Despite remarkable progress, the state confronted significant problems during the final decade of the 20th century. Economic growth since World War II had been massive but uneven in impact, with northern Virginia and the Tidewater as the prime beneficiaries. Other regions, notably the rural Southwest and Southside, lagged behind. Across the state, suburbs prospered far more than inner cities, where unemployment, crime, drugs, and broken families exacted a demoralizing toll. Meanwhile, as new industries and businesses multiplied, older ones—particularly coal mines, commercial fisheries, tobacco farms, and cigarette factories—either stagnated or faced unpromising futures. Further complicating the situation, a growing number of Virginians questioned the wisdom of ongoing, ceaseless economic development, especially if it threatened Chesapeake Bay and other environmentally fragile natural areas. The 1990s also witnessed a widespread and deep-seated popular reaction against taxes, regulatory bureaucracies, and activist government.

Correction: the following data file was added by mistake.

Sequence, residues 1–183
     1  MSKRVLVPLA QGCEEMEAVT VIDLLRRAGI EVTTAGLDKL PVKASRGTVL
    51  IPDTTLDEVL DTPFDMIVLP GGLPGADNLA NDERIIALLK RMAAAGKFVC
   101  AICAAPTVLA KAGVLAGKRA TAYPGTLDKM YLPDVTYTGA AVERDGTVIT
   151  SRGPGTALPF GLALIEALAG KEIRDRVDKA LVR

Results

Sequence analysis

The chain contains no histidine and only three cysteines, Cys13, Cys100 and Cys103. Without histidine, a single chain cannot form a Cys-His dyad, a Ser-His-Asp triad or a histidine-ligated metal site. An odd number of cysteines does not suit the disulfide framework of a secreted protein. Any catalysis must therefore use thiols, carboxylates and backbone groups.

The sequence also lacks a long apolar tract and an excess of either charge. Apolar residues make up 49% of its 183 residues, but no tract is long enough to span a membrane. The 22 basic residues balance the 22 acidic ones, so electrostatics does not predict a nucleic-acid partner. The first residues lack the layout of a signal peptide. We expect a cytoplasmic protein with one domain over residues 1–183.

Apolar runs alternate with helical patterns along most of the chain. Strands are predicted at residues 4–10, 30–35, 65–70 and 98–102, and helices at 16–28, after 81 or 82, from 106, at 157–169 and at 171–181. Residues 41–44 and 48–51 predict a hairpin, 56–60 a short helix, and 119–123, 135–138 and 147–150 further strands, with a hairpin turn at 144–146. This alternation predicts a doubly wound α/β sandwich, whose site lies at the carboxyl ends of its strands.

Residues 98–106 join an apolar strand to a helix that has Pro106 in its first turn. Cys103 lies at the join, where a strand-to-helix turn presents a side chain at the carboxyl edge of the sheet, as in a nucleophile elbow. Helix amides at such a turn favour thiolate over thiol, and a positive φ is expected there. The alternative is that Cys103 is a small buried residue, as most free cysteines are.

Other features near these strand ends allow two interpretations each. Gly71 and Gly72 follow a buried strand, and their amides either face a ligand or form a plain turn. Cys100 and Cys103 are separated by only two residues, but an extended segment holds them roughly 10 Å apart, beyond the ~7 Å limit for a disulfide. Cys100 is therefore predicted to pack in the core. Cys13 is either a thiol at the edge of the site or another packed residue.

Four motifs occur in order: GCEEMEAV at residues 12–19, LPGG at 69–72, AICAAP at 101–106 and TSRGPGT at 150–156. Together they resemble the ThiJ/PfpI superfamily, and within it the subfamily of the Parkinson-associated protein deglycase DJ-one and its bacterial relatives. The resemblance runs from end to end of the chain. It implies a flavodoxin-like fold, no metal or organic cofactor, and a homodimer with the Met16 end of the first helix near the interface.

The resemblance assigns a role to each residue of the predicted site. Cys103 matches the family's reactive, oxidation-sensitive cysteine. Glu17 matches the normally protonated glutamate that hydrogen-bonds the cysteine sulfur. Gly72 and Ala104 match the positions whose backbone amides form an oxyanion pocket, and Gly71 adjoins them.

Virginia remained a geographically divergent two-party state in the early 2000s, with Democrats strong in the north, near Washington, D.C., and Republicans strong in the more conservative south. The state faced mounting transportation problems in the early 21st century, especially in northern Virginia, where traffic gridlock and a deteriorating infrastructure frustrated motorists. Democratic governor Tim Kaine proposed a $1-billion tax increase to raise money for road and transportation improvements. But in a special legislative session, Democrats and Republicans failed to agree on where the money should come from. Republican legislators opposed a statewide tax increase until the state’s economy rebounded. "Virginia" © Emmanuel BUCHOT, Encarta, Wikipedia.
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